Verizon says 'civil emergency' alert in N.J. was only a test
Posted 12 December 2011 - 10:55 PM
A mass text message warning New Jersey cell phone users of a "civil emergency" was sent out by Verizon Wireless earlier today as part of a "test emergency notification," the telecommunications company said.
In a response statement issued about two hours after the mass text was sent out, alarming some Garden State residents, Verizon Wireless apologized to its customers.
"This test message was not clearly identified as a test," company spokesman David Samberg said in an e-mailed statement to The Star-Ledger. "We apologize for any inconvenience or concern this message may have caused."
The emergency alert was sent out to New Jersey phone users in Monmouth, Ocean and Middlesex counties earlier this afternoon, citing a "civil emergency in this area until 1:24 p.m." and telling residents to "take shelter now."
Local police departments and county authorities said they received a high volume of 911 calls from residents concerned about the alerts and asking whether there was an actual emergency.
In response to the text alert, police in Rumson issued its own alert to citizens in the Monmouth County community: "THERE IS NO EMERGENCY. The 'take shelter' message that Verizon sent IS NOT a VALID message. DO NOT CALL THE POLICE."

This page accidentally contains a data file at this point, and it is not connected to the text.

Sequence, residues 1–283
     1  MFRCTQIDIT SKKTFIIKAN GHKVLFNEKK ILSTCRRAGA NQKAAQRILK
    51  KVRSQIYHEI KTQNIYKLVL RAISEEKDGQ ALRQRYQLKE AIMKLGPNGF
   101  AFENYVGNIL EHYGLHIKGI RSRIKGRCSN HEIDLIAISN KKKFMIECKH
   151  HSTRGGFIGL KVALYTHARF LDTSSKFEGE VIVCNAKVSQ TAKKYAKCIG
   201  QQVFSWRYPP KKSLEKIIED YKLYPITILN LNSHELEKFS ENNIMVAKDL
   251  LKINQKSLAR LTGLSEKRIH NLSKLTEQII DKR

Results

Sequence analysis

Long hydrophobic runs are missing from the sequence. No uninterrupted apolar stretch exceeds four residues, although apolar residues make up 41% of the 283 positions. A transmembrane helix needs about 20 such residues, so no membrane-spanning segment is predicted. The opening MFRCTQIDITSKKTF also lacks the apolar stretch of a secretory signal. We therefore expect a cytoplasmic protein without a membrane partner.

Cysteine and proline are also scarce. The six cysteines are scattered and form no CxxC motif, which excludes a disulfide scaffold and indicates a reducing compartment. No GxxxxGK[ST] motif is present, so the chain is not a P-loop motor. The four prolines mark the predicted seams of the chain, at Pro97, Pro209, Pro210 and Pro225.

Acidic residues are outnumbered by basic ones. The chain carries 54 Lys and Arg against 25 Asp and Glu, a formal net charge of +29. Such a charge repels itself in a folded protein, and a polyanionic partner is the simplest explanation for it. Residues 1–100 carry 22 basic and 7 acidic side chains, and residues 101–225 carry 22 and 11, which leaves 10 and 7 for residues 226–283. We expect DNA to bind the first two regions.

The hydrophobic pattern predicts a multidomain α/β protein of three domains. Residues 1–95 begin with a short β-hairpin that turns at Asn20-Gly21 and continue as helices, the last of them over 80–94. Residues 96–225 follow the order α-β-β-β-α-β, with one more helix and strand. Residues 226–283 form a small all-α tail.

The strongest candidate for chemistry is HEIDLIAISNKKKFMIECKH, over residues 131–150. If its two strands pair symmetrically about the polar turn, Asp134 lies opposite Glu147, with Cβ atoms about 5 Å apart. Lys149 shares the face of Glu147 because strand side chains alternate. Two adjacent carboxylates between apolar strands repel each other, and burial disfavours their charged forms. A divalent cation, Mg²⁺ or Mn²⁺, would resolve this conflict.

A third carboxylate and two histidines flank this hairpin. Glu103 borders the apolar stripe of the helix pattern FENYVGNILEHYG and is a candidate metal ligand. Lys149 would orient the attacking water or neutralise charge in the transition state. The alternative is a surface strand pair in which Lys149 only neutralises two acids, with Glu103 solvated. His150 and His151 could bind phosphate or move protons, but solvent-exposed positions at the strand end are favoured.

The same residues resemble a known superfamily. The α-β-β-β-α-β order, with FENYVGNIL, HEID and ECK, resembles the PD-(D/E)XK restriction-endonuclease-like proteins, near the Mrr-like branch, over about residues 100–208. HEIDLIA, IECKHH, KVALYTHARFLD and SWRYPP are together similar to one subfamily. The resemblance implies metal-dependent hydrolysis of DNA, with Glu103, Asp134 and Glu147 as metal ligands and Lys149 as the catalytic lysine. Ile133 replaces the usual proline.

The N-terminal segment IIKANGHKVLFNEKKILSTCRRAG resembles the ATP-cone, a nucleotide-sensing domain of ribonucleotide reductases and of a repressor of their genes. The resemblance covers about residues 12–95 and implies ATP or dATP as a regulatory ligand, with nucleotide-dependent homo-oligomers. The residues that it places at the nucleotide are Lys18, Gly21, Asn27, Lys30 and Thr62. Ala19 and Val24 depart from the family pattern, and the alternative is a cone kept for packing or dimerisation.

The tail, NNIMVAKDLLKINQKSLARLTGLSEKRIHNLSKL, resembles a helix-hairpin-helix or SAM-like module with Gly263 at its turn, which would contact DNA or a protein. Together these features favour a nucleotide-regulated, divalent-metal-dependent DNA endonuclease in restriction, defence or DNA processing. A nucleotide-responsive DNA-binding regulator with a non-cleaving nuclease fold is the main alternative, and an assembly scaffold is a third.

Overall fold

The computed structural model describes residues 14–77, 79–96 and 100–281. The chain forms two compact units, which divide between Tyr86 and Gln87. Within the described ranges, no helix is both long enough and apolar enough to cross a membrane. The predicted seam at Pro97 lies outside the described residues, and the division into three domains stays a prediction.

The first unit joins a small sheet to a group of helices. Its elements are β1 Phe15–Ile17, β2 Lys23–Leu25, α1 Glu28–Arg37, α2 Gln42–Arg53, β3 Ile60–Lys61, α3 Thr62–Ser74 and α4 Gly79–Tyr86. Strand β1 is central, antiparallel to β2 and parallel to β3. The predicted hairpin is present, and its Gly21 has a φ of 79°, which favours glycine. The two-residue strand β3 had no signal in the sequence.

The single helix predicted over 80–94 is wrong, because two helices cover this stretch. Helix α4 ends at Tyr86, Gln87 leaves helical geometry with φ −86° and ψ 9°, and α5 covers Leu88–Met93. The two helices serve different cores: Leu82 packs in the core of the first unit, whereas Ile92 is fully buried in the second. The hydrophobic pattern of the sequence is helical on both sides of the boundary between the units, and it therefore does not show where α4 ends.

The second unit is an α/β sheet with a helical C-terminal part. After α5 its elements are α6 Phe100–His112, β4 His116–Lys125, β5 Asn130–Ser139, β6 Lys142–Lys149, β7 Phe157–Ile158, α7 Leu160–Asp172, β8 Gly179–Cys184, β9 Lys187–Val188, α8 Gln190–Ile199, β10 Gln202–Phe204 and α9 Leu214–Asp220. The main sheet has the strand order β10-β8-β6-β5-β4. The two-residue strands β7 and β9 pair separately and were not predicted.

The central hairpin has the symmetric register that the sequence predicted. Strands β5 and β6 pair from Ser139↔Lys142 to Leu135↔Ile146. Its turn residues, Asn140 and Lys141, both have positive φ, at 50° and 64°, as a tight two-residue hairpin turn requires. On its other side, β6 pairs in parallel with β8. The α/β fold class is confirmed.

"There is no reason to panic here," said Monmouth County Sheriff Shaun Golden. "It is a false text done maliciously today at 12:27 p.m."
The text warning also prompted the New Jersey Office of Homeland Security to issue a special statement on Twitter this afternoon reassuring citizens there was no actual emergency.
The mass text message that residents received stated: "CMAS Alert. Civil Emergency in this area until 1:24 PM EST Take Shelter Now."
CMAS refers to the Commercial Mobile Alert System, a public safety initiative that involves FEMA, the FCC and wireless phone carriers.
Golden said it appeared that residents who are Verizon cell phone customers with Droid-operated phones in Monmouth and Ocean counties and other parts of central New Jersey received the text message at 12:27 p.m. today. He said the number of 911 calls his office received quadrupled around lunchtime today following the text.
Jim Zawistowski, a planner in the Middlesex County Office of Emergency Management, said the county received calls from police departments in East Brunswick, Jamesburg, Monroe and South Brunswick, asking if the county was doing "any kind of tests."
"We told them it wasn't us," Zawistowski said, adding that there was nothing from the federal emergency management agency either.
Today's false alarm came just two days after scores of New Jersey residents felt their houses shake
Posted 13 December 2011 - 12:24 AM
Posted 13 December 2011 - 12:56 AM